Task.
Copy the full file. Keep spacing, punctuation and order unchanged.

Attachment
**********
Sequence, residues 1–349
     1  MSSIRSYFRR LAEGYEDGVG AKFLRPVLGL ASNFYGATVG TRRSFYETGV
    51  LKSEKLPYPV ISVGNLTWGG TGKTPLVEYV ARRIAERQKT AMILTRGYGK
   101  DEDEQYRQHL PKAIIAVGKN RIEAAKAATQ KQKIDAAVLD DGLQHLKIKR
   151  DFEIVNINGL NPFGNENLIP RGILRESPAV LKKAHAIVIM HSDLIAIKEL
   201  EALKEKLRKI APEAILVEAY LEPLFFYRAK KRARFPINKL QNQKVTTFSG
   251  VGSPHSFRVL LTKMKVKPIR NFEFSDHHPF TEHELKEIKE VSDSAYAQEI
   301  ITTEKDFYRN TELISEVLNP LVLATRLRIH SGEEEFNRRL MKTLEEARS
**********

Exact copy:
Sequence, residues 1–349
     1  MSSIRSYFRR LAEGYEDGVG AKFLRPVLGL ASNFYGATVG TRRSFYETGV
    51  LKSEKLPYPV ISVGNLTWGG TGKTPLVEYV ARRIAERQKT AMILTRGYGK
   101  DEDEQYRQHL PKAIIAVGKN RIEAAKAATQ KQKIDAAVLD DGLQHLKIKR
   151  DFEIVNINGL NPFGNENLIP RGILRESPAV LKKAHAIVIM HSDLIAIKEL
   201  EALKEKLRKI APEAILVEAY LEPLFFYRAK KRARFPINKL QNQKVTTFSG
   251  VGSPHSFRVL LTKMKVKPIR NFEFSDHHPF TEHELKEIKE VSDSAYAQEI
   301  ITTEKDFYRN TELISEVLNP LVLATRLRIH SGEEEFNRRL MKTLEEARS